Have you ever been asked if you’re ‘still nursing’? That word ‘still’ grates on me each and every time I hear it. The first time I heard it used in relation to me and my body nourishing one of my small humans in the way it was intended to was mid-2013.
My now 9-year-old was almost 6 months and someone had seen a glint of white in her mouth. They knew it was a tooth and were both confused and bemused that we were continuing to have a healthy, somewhat happy nursing relationship and partnership.
Teething is not a reason to stop nursing
I could hear their intake of breath being sharper than the crisp morning air, “yes” I smiled back “Jemima has a tooth breaking through and yes Jemima is continuing to have my milk”. I emphasised the words ‘continuing’ in an attempt to convey there was no crime being committed. And what had changed. A small innocent tooth?
Whilst yes latch will change when teething occurs and biting can happen, there is no reason to stop nursing. It was during this tricky stage that I felt it important to teach nursing manners to my innocent human who had an overwhelming urge to bite down. So for us, I would unlatch Jemima, remind her to be gentle, and start again. Very quickly she realised if she wanted milk she had to be kind to me.
Nursing is a two-way partnership
Consent at a basic simple level is that we treat other people’s bodies with respect. Fast forward and she soon had a full mouth of teeth. She continued to nurse. She reached her birthday’s and the world thought and assumed that it was their primary business to intervene and dampen what was blossoming into a beautiful two-way partnership of feeding. I drowned out the noise and continued nourishing, supporting, and comforting my child and in turn, she thrived.
The world thought and assumed that it was their primary business to intervene and dampen what was blossoming into a beautiful two-way partnership of feeding
But why the word ‘harmful’? What pain does that cause? What damage? How many people are at their most vulnerable when they have not long since given birth? When their small human is unwell? When they themselves are sleep deprived from yet more cluster feeding, from being awake night after night with a teething small person?
Why does society feel the need to comment on nursing relationships?
Whether it’s Mavis in the cafe or Dawn on the school run, why do these people think it is up to them to pass judgment on when is the “right” time to wean? Does anyone actually get a say in that process? NO! Two people and two alone have a say and that is the person with the milk and the smaller person who is removing the milk. The word ‘still’, can, will, and does cause nursing relationships to end prematurely. It leads to guilty feelings in the person with the milk and causes self-doubt and questions to creep in. There’s no doubt about it, peer pressure is strong and can make or break a nursing relationship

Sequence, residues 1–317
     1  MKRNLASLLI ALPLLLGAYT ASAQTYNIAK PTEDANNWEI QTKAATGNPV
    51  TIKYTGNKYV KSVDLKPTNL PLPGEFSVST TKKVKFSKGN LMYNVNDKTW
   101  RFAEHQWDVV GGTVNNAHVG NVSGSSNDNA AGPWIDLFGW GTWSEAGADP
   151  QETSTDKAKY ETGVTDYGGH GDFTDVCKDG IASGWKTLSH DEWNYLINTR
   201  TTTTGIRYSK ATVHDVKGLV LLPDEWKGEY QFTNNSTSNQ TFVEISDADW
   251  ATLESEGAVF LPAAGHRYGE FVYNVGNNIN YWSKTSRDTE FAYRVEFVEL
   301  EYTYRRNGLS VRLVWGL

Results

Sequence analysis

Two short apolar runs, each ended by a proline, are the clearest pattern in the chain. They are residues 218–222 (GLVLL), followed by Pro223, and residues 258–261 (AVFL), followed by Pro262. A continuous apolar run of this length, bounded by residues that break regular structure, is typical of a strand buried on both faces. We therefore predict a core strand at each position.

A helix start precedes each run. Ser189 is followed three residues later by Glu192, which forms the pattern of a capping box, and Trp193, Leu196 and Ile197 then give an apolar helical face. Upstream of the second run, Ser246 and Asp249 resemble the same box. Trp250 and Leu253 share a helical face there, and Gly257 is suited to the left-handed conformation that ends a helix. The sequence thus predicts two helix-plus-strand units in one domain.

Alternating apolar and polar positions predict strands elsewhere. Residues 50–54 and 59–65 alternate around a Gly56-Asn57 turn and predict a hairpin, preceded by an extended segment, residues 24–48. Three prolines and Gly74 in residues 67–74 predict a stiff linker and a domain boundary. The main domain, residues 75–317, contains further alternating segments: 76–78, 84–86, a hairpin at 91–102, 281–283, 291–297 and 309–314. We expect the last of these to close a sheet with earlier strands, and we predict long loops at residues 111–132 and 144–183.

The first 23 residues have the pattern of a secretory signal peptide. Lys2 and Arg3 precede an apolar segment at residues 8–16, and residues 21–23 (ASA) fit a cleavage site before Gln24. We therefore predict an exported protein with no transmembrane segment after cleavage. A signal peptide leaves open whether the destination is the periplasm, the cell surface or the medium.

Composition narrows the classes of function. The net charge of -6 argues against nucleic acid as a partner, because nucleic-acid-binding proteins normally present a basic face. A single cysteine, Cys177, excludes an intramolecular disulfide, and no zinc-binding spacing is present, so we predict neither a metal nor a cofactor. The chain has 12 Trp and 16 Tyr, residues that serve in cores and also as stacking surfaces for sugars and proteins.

The word ‘still’, can, will, and does cause nursing relationships to end prematurely.
Why does society feel the need and urge to ask continuously how long someone plans to nurse? Does the decision have an impact on them? And why, do so many, take the time (days, weeks, and often months!) to establish a nursing relationship only for when their small reaches a certain age to choose to wean them?
Natural term weaning
For me, natural term nursing has always been the plan with both my small humans, for they, and only they know when the time is right to end our journeys. As their mama, all I can do is hope it is when they are truly ready, not when those external to our family put unnecessary pressure upon their young shoulders.
My daughter weaned at 7 years and 4 months and it was beautiful, organic, and pure. I can only hope that when my son’s time comes (he is currently two years old) it too is as calm and peaceful as his big sisters.
My daughter weaned at 7 years and 4 months and it was beautiful, organic, and pure.
Are attitudes starting to change?
When my youngest started preschool a couple of weeks ago I was smiled at by staff when they asked if he was still having milk from me. This was in marked difference to when Jemima started the same preschool (several years before) and raised eyebrows were observed.
I’d like to ask if you are reading this, and have ever felt the urge to comment on a person’s nursing journey then choose your words with care. Use words from your heart and love when talking with those of us who continue to feed. How you phrase things can and will have an impact on how long their nursing relationship lasts.
And for those of you who are continuing to feed, resist the pressure to stop before you and your little one are truly ready.